What is a Fat Quarter? - info featured by top US quilting blog, Dairy of a Quilter

Craftsman pattern available here in PDF or Paper versions

What is a Fat Quarter? - info featured by top US quilting blog, Dairy of a Quilter

Summer Bunting pattern available here in PDF and Paper versions.

If you’re looking for lots more quilts and project ideas for using Fat Quarters, check out my Fat Quarter Pinboard on Pinterest.

So there you go.  Now you can consume fabric with confidence.

What is a Fat Quarter? - info featured by top US quilting blog, Dairy of a QuilterHere are a few other posts about Quilt-Language Basics:

What other questions do you have about quilting terms or processes?

I’m putting together a list of “Quilting Language for Beginners.” Is there anything you wish someone would have explained for you but felt too silly to ask?

Leave a comment with any suggestions!

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26 Comments

  • Reply
    Pati @ A Crafty Escape
    July 22, 2010 at 6:09 am

    I am taking my first quilting class next week and was looking over the supplies list wondering about this just yesterday! Thanks 🙂

  • Reply
    Denise :)
    July 22, 2010 at 6:11 am

    Great job, taking on this alarming question! (And you're right — we all wondered at one point or another!) 🙂

  • Reply
    Quilt Hollow
    July 22, 2010 at 7:42 am

    …and here I thought it was a body part! Hee!!

  • Reply
    Just-Do
    July 23, 2010 at 3:48 am

    Thanks. Over here in Holland we use different measures, so all talking about yards and inches is abacadabra for me anyway.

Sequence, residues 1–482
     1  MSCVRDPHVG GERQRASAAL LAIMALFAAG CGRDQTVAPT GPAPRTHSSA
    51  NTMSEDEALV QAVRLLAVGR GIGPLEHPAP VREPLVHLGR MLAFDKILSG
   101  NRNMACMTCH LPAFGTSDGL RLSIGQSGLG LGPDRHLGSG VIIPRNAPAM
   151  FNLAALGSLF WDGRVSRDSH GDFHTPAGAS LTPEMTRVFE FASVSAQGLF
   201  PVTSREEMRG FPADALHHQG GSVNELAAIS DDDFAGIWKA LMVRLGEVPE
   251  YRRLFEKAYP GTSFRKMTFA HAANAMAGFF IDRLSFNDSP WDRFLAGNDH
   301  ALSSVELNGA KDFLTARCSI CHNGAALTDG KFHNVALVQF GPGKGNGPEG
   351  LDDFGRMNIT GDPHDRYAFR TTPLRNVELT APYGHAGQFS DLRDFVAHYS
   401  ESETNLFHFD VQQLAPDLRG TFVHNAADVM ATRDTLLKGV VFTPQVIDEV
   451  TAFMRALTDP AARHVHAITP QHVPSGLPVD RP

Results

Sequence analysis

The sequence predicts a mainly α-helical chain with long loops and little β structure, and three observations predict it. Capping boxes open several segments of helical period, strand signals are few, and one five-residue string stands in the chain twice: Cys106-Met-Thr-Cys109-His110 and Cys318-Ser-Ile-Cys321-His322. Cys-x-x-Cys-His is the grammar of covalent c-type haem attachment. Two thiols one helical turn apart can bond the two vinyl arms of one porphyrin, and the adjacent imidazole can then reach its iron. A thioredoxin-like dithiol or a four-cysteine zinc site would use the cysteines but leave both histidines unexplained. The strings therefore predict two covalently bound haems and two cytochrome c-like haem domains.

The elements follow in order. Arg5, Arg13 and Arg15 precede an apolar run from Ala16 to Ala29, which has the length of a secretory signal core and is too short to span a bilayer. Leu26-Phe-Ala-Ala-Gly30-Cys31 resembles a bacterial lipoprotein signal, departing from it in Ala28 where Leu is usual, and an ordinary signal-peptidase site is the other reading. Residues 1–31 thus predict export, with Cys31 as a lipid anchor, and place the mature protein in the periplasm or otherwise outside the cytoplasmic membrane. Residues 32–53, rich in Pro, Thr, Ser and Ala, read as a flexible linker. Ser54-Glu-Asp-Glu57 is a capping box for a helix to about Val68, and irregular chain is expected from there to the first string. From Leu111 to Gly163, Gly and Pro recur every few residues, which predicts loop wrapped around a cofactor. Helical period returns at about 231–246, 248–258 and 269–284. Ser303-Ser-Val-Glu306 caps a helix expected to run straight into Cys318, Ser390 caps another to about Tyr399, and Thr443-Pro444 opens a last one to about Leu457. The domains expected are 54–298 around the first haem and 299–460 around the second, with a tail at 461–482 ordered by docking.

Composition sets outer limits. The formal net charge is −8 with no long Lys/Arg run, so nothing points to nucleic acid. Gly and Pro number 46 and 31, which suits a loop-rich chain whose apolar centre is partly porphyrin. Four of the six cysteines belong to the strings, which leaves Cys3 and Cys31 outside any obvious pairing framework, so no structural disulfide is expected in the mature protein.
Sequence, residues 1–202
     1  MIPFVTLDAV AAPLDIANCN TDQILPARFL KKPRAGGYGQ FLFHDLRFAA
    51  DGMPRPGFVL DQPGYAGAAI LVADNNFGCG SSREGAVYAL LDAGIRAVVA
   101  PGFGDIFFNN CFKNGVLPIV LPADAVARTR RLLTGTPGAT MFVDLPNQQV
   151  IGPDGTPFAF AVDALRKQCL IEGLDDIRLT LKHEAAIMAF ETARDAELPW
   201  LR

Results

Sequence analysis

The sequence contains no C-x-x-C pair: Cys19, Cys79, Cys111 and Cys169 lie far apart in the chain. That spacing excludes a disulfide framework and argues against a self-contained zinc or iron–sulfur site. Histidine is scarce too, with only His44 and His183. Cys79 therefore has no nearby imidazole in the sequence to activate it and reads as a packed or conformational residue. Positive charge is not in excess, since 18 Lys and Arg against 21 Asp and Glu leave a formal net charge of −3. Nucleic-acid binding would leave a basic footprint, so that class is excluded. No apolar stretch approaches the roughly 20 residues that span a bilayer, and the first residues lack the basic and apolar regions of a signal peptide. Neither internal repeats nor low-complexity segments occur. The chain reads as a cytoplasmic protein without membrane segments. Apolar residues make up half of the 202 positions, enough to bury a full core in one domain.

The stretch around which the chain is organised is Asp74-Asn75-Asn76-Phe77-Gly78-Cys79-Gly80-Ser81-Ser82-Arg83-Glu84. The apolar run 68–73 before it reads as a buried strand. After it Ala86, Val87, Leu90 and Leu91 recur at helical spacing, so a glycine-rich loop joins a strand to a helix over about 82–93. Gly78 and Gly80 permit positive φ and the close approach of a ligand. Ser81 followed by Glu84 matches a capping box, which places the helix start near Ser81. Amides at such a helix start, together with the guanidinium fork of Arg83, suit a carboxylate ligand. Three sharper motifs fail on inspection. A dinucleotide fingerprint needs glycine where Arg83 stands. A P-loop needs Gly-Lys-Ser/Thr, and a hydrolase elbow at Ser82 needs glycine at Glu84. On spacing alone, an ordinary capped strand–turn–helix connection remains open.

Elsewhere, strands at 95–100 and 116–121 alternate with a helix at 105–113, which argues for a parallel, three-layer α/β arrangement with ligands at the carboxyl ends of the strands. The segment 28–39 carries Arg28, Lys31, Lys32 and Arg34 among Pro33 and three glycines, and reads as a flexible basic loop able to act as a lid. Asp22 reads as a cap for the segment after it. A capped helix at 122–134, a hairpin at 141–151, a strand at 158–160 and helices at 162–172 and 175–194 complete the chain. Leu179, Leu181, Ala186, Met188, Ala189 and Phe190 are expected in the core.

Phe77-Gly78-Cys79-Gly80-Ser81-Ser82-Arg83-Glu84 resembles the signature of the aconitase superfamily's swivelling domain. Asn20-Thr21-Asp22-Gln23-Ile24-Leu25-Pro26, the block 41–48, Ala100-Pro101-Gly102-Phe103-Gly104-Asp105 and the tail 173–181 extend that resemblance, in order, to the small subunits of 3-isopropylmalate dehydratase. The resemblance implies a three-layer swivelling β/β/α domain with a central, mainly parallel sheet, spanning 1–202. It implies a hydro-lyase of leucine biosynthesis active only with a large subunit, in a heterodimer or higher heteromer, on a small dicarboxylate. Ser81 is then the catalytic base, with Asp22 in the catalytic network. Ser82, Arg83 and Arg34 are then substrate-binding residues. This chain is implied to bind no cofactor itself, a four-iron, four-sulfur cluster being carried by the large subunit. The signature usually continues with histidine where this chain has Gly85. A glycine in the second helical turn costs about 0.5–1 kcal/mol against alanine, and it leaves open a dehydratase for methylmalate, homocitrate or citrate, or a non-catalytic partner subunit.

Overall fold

• Reply
    patchworkdelights
    July 23, 2010 at 8:24 am

    Thanks for clearing that up, I know the term &quot;fat quarter&quot; and have bought &quot;fat quarters&quot; but your explanation has lifted the clouds! <br /><br />Very helpful and useful, thanks again.<br /><br />Fi

  • Reply
    AnneMarie
    July 23, 2010 at 12:42 pm

    Nice! Sometimes the basics are so refreshing.

  • Reply
    Gina
    July 23, 2010 at 1:38 pm

    My husband can&#39;t ever remember the right name and always calls them &quot;fat chubs.&quot; It&#39;s funny the first few times. 🙂

  • Reply
    elizabeth
    July 26, 2010 at 12:20 pm

    As a newbie, THANK YOU! All I know about quilting material terminology is that it makes me hungry! Jelly rolls! Honey buns! :o)

  • Reply
    Gmama Jane
    November 25, 2010 at 5:45 pm

    You have finally SHOWN me the difference in the two. Seeing both side by side allowed me to see the difference and which one to choose for different projects.<br />Thanks<br />Gmama Jane

  • Reply
    Nikki
    June 9, 2013 at 10:18 pm

    This comment has been removed by the author.

  • Reply
    cristina maria
    January 26, 2014 at 11:17 am

    Olá Amy!<br />Demorei um pouco para entender como usar as medidas americanas. aqui no Brasil usamos o metro ao comprarmos tecidos. E para entender tenho uma régua com a qual posso seguir as medidas dos tutorias.<br />Obrigada pela explicação!

  • Reply
    mbk
    March 4, 2014 at 5:06 am

    Amy.<br />How many jelly rolls make a quilt? When you buy a fat quarter how many make a quilt?<br /><br />mbk

    • Reply
      amy smart
      March 4, 2014 at 3:14 pm

      Depends on the pattern, how many seams, if you&#39;re adding additional yardage, etc. I would say you could make a throw/twin using two jelly rolls probably. As for Fat Quarters, there is a pattern called Turning Twenty (http://www.amazon.com/Turning-Twenty-Tricia-Cribbs/dp/B000GQQYFIa0) that is a large throw/small twin made from Twenty FQ&#39;s. Most larger quilts probably require around 25 FQ&